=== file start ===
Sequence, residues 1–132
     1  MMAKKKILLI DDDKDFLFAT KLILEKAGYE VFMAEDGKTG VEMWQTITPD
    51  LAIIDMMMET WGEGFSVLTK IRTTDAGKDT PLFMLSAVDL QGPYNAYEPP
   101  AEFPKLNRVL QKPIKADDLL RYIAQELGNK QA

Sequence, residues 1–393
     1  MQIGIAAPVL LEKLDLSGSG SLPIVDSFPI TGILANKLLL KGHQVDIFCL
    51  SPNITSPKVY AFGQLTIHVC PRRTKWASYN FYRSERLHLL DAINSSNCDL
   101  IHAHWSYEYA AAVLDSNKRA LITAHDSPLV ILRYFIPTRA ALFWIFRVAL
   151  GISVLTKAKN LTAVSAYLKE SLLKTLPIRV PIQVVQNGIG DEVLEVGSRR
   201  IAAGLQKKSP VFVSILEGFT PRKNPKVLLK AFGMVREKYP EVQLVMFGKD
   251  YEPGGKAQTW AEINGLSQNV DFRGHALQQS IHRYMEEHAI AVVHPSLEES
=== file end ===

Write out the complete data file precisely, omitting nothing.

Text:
Sequence, residues 1–132
     1  MMAKKKILLI DDDKDFLFAT KLILEKAGYE VFMAEDGKTG VEMWQTITPD
    51  LAIIDMMMET WGEGFSVLTK IRTTDAGKDT PLFMLSAVDL QGPYNAYEPP
   101  AEFPKLNRVL QKPIKADDLL RYIAQELGNK QA

Sequence, residues 1–393
     1  MQIGIAAPVL LEKLDLSGSG SLPIVDSFPI TGILANKLLL KGHQVDIFCL
    51  SPNITSPKVY AFGQLTIHVC PRRTKWASYN FYRSERLHLL DAINSSNCDL
   101  IHAHWSYEYA AAVLDSNKRA LITAHDSPLV ILRYFIPTRA ALFWIFRVAL
   151  GISVLTKAKN LTAVSAYLKE SLLKTLPIRV PIQVVQNGIG DEVLEVGSRR
   201  IAAGLQKKSP VFVSILEGFT PRKNPKVLLK AFGMVREKYP EVQLVMFGKD
   251  YEPGGKAQTW AEINGLSQNV DFRGHALQQS IHRYMEEHAI AVVHPSLEES